Shani Davis: Fastest Man On Skates

By Phil Hersh
Updated: November 15, 2004

Shani Davis

CHICAGO, ILL,—The 2004-05 World Cup circuit in long track speedskating began last Saturday in Hamar, Norway. The race program includes the 1,500 meters, the even in which Chicagoan Shani Davis became world champion last year.

But Davis won’t be tooling around the 1994 Olympic oval in Hamar. He will be in Saratoga Springs, N.Y., trying to qualify for the next two World Cup events in short-track speedskating.

Everyone but Davis thinks he is on the wrong track.

“His heart is in short track, even if he could be the next person (after Eric Heiden) to qualify in every Olympic event in long track,” said Bob Fenn of Milwaukee, who occasionally coaches Davis.

Northbrook native Andy Gabel, a three-time Olympian in short track and currently president of U.S. Speedskating, said dozens of people have tried to convince Davis to concentrate on long track, the traditional side of the sport.

“He is extraordinary in long track,” Gabel said. “His stride is incredibly efficient, he has amazing strength and a huge oxygen tank.

“In short track, Shani is competent. His size (6 feet 2 inches, 175 pounds) hurts him in terms of agility.”

Of course, if Davis had followed tradition, he might never have become the first African-American skater to win a medal (silver) at the World All-Around Championships and a title at the World Single Distance Championships, and become the first U.S. man to make a world team in both short- and long-track disciplines in the same season.

He did all that last winter after having become the first black speedskater to make a U.S. Olympic team two years earlier.

“I’m not doing anything different from last year,” Davis said via telephone from Calgary, where the 1988 Olympic oval is his primary training rink. “Short track is fun for me, and I like doing what is fun.”

Short track definitely is more fun. It is a race against a pack of people, first to the finish the winner, with a few elements of roller derby thrown in to make the race more exciting. Long trackers race in pairs, but they are competing against the clock.

The little money available in the sport is in long track, where Dutch and Norwegian companies are ready to pay the stars.

The prize money for the long-track World Cup is from 50 to 300 percent more, depending on category, than the money on the short-track circuit.

Chad Hedrick of the U.S., reigning world all-around champion, skates for a team sponsored by a Dutch bank and will make a low six-figure income from the sport this year. U.S. sprinter Kip Carpenter skates for the same team.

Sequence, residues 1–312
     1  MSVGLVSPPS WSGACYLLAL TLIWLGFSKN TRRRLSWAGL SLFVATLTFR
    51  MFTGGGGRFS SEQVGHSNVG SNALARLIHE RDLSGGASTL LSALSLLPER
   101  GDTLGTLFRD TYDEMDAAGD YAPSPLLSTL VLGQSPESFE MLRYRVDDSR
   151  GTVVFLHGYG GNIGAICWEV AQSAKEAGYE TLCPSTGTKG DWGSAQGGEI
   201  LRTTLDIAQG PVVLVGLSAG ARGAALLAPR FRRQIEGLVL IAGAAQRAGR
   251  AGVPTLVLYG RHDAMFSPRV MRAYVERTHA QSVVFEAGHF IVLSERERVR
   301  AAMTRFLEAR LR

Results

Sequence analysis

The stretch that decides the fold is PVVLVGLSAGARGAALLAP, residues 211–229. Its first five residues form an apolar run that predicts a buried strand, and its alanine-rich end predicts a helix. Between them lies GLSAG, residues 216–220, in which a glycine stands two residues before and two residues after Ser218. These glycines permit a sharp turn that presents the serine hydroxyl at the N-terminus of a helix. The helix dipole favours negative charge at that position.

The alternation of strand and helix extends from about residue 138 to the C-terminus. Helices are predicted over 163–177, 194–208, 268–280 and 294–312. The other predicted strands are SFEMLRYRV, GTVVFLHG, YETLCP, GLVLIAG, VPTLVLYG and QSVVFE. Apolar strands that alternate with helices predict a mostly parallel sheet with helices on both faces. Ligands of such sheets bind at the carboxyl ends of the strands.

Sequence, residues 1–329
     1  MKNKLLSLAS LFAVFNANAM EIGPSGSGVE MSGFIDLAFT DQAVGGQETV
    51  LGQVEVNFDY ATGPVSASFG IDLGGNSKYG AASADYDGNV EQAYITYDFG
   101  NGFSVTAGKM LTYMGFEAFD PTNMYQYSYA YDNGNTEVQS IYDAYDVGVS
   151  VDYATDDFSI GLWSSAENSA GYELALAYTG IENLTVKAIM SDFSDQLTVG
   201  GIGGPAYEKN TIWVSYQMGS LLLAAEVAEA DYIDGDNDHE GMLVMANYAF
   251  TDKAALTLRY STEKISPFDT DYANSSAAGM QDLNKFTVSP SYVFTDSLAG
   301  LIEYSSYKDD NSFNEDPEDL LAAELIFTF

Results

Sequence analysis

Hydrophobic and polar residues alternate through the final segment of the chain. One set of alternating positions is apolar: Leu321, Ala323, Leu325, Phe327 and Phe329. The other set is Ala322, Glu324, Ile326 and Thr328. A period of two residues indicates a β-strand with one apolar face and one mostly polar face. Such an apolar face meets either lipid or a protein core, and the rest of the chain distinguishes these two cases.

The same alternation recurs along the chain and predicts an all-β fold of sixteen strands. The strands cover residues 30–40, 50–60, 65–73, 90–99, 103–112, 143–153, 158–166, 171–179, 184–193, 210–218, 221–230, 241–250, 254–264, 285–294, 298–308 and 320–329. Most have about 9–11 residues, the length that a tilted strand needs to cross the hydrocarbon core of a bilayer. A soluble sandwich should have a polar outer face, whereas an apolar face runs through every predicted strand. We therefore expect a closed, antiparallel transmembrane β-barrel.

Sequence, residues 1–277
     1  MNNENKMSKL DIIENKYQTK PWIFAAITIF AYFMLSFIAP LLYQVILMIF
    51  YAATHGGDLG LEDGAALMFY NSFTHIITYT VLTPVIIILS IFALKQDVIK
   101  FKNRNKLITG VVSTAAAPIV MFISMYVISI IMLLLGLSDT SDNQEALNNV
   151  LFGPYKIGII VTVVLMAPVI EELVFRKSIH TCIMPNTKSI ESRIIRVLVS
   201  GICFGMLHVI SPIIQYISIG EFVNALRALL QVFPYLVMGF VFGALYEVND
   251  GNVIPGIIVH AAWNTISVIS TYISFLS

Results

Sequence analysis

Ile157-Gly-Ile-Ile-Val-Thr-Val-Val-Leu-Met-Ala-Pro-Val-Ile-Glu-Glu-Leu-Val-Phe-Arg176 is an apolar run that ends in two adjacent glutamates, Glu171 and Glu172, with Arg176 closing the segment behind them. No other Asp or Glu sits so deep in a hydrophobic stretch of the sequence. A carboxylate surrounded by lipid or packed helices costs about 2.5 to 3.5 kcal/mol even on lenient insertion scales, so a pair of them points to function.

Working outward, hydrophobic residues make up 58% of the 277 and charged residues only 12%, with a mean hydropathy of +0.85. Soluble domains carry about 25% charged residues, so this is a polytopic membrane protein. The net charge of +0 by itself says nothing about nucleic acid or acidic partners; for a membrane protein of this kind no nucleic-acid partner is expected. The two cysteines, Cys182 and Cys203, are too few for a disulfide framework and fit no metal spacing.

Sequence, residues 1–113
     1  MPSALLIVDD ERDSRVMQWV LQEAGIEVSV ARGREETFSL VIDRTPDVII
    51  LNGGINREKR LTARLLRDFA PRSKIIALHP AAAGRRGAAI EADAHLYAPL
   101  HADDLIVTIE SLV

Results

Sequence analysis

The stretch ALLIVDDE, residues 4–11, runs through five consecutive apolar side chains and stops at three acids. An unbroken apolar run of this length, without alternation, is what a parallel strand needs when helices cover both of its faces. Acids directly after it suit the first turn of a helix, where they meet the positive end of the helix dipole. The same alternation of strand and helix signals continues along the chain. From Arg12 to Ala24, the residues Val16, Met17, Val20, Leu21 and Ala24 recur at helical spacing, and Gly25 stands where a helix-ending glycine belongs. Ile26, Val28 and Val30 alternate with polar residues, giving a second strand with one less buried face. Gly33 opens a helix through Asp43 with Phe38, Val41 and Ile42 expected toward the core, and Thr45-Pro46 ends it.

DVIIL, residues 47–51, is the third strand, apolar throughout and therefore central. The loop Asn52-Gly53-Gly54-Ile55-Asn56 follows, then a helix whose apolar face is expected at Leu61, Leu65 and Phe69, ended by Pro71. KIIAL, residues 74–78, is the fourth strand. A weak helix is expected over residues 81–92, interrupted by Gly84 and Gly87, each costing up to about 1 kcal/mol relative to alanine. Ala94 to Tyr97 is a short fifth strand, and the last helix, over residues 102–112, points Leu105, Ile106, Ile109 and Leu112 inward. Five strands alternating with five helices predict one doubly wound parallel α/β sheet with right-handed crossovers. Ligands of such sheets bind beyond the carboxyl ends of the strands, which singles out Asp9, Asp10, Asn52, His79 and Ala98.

“I don’t skate for the money,” Davis said. “I don’t have many bills to pay, and what I do, I can pay from the money I make in skating. You can’t let your passion for the sport get clouded by money.”

Davis, 22, a 2002 Olympian in short track, wants to be the first to compete in both short and long track events at the Olympics.

In short track, Davis is among several skaters scrambling for places on a U.S. team dominated by Olympic champion Apolo Anton Ohno.

If Davis is the top U.S. finisher at the New York meet, he will qualify for the individual events and the relay at the upcoming two World Cup events. If he is second or third, he will qualify for the relay at both but individual events only at one.

Davis was in the latter situation at the first two World Cups last month in China. He skated only the relay–which was disqualified in the final–at the opening World Cup in Harbin. He then was 16th overall individually (Ohno was second after winning in Harbin) and part of a silver-medal relay in Beijing.

“What Shani is doing works in terms of training, but in terms of competing, he absolutely is wasting his time in short track,” Gabel said.

Davis, who also has completed two years of studies at Northern Michigan, believes he has not reached his potential in short track. He thinks he has plenty of time to concentrate on long track, “which you can do in your 30s.”

Based on last year’s performances, Davis made this season’s long-track World Cup team in the 1,500, 5,000 and 10,000 meters. By declining to compete in the fall portion of the long-track World Cup schedule, he must do well at U.S. Championships in December to make the team for the 2005 world meets.

He intends to focus on long track again in early December but admits those plans could change based on results this weekend.

“It is possible I would do only long track the rest of this season and for the Olympics,” Davis said. “But I like what I’m doing now, and I don’t want to sell myself short.”